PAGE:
Over the decades science fiction and horror have alternated in their depiction of alien visitation between concepts of invasion and attack on the one hand, and the benign or loving, at times divine sage on the other hand. Some filmmakers have even wrestled with both treatments, such as Steven Spielberg, who for many years presented his aliens in positive fashion in films like Close Encounters of the Third Kind and E.T., shifting gears dramatically and reluctantly (in a post 9/11 environment) with The War of the Worlds.
Now, noted theoretical physicist and sci-fi fan Stephen Hawking has weighed in with his views on real alien contact in an Associated Press report:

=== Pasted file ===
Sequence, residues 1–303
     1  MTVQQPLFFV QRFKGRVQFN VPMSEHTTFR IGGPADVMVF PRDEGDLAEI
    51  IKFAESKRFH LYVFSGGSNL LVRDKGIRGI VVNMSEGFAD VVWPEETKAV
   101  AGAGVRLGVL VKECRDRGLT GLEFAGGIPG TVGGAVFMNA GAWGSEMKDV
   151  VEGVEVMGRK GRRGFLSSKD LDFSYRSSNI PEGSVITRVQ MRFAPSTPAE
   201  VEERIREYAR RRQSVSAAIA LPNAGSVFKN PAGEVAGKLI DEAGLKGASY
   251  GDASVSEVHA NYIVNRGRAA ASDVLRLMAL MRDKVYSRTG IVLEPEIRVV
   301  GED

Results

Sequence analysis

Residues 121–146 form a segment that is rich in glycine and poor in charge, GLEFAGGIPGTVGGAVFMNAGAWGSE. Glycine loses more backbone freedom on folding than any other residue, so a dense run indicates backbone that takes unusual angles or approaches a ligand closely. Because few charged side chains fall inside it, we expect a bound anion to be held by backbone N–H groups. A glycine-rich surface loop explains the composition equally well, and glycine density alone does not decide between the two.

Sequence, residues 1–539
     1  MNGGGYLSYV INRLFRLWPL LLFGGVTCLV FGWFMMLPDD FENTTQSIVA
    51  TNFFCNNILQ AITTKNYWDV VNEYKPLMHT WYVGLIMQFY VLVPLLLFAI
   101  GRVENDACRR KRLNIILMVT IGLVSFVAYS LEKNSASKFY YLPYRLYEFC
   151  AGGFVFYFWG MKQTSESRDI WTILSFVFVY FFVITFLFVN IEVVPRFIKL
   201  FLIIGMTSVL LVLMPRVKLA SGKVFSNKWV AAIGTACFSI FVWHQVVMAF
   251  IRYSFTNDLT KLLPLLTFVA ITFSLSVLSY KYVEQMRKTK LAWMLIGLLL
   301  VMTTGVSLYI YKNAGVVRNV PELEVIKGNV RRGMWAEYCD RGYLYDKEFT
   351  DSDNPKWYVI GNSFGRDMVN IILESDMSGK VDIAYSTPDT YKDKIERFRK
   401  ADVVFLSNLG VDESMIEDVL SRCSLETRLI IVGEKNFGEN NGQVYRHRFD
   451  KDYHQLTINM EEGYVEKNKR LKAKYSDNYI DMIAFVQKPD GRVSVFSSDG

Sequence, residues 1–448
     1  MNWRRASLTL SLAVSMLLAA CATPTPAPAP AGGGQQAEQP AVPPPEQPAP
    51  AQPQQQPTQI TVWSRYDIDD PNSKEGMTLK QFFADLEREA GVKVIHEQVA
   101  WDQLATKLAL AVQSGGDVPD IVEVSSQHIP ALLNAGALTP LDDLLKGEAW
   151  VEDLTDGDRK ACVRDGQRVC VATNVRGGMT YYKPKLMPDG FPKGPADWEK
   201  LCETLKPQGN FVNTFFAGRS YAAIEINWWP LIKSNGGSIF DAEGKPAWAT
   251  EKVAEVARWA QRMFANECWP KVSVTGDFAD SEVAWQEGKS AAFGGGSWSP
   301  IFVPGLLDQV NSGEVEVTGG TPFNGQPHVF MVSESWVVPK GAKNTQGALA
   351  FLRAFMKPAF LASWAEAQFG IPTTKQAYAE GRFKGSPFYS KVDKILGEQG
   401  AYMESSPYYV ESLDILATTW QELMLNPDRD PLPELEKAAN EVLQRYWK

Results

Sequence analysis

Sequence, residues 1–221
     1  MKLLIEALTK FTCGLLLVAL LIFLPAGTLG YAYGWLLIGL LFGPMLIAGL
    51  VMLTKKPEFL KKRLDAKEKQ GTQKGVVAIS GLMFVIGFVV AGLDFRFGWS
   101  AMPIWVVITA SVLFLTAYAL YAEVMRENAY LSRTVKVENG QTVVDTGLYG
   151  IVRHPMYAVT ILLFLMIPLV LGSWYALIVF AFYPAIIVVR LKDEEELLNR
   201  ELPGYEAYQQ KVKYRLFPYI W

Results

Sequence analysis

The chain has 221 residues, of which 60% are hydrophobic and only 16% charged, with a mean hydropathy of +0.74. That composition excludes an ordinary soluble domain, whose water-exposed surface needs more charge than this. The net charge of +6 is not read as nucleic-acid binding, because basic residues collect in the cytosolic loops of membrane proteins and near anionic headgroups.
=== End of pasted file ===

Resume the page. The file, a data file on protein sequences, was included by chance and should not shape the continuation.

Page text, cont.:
Hawking claims in a new documentary that intelligent alien lifeforms almost certainly exist, but warns that communicating with them could be "too risky."
He speculates most extraterrestrial life will be similar to microbes, or small animals -- but adds advanced lifeforms may be "nomads, looking to conquer and colonize."
The comments came in connection with the Into the Universe with Stephen Hawking series on the Discovery Channel. It sounds as if Hawking agrees with H. G. Wells in that future visiting aliens may be "intellects vast and cool and unsympathetic." See the news item as printed in The Detroit News, and a more extensive article here. And for a contrary perspective on the topic, consider this article.
Update: Michael Shermer has written a piece for the Scientific American titled "The Myth of the Evil Alien" disagreeing with Hawking.